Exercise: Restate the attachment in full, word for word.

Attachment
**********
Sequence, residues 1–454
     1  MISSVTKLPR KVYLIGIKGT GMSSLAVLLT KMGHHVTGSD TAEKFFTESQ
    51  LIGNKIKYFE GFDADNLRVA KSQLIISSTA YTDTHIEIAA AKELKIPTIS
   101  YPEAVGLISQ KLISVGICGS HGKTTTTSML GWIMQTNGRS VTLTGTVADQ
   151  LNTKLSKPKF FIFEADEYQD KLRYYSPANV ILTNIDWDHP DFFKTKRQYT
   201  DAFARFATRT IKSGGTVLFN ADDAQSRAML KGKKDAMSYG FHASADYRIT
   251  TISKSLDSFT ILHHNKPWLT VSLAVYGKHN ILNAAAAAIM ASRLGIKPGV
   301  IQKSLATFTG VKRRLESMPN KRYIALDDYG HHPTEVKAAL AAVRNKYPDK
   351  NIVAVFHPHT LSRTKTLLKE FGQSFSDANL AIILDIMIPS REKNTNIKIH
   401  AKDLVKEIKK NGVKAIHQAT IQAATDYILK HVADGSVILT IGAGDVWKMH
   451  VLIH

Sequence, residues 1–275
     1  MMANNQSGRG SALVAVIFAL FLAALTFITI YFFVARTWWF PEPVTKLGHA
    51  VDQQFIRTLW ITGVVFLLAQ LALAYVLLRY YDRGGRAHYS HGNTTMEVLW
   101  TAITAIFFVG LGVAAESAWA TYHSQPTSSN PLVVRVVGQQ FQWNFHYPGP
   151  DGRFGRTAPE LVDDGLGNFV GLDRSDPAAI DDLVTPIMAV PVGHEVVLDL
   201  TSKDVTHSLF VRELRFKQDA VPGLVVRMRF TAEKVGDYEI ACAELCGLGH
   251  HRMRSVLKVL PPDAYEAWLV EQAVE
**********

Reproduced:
Sequence, residues 1–454
     1  MISSVTKLPR KVYLIGIKGT GMSSLAVLLT KMGHHVTGSD TAEKFFTESQ
    51  LIGNKIKYFE GFDADNLRVA KSQLIISSTA YTDTHIEIAA AKELKIPTIS
   101  YPEAVGLISQ KLISVGICGS HGKTTTTSML GWIMQTNGRS VTLTGTVADQ
   151  LNTKLSKPKF FIFEADEYQD KLRYYSPANV ILTNIDWDHP DFFKTKRQYT
   201  DAFARFATRT IKSGGTVLFN ADDAQSRAML KGKKDAMSYG FHASADYRIT
   251  TISKSLDSFT ILHHNKPWLT VSLAVYGKHN ILNAAAAAIM ASRLGIKPGV
   301  IQKSLATFTG VKRRLESMPN KRYIALDDYG HHPTEVKAAL AAVRNKYPDK
   351  NIVAVFHPHT LSRTKTLLKE FGQSFSDANL AIILDIMIPS REKNTNIKIH
   401  AKDLVKEIKK NGVKAIHQAT IQAATDYILK HVADGSVILT IGAGDVWKMH
   451  VLIH

Sequence, residues 1–275
     1  MMANNQSGRG SALVAVIFAL FLAALTFITI YFFVARTWWF PEPVTKLGHA
    51  VDQQFIRTLW ITGVVFLLAQ LALAYVLLRY YDRGGRAHYS HGNTTMEVLW
   101  TAITAIFFVG LGVAAESAWA TYHSQPTSSN PLVVRVVGQQ FQWNFHYPGP
   151  DGRFGRTAPE LVDDGLGNFV GLDRSDPAAI DDLVTPIMAV PVGHEVVLDL
   201  TSKDVTHSLF VRELRFKQDA VPGLVVRMRF TAEKVGDYEI ACAELCGLGH
   251  HRMRSVLKVL PPDAYEAWLV EQAVE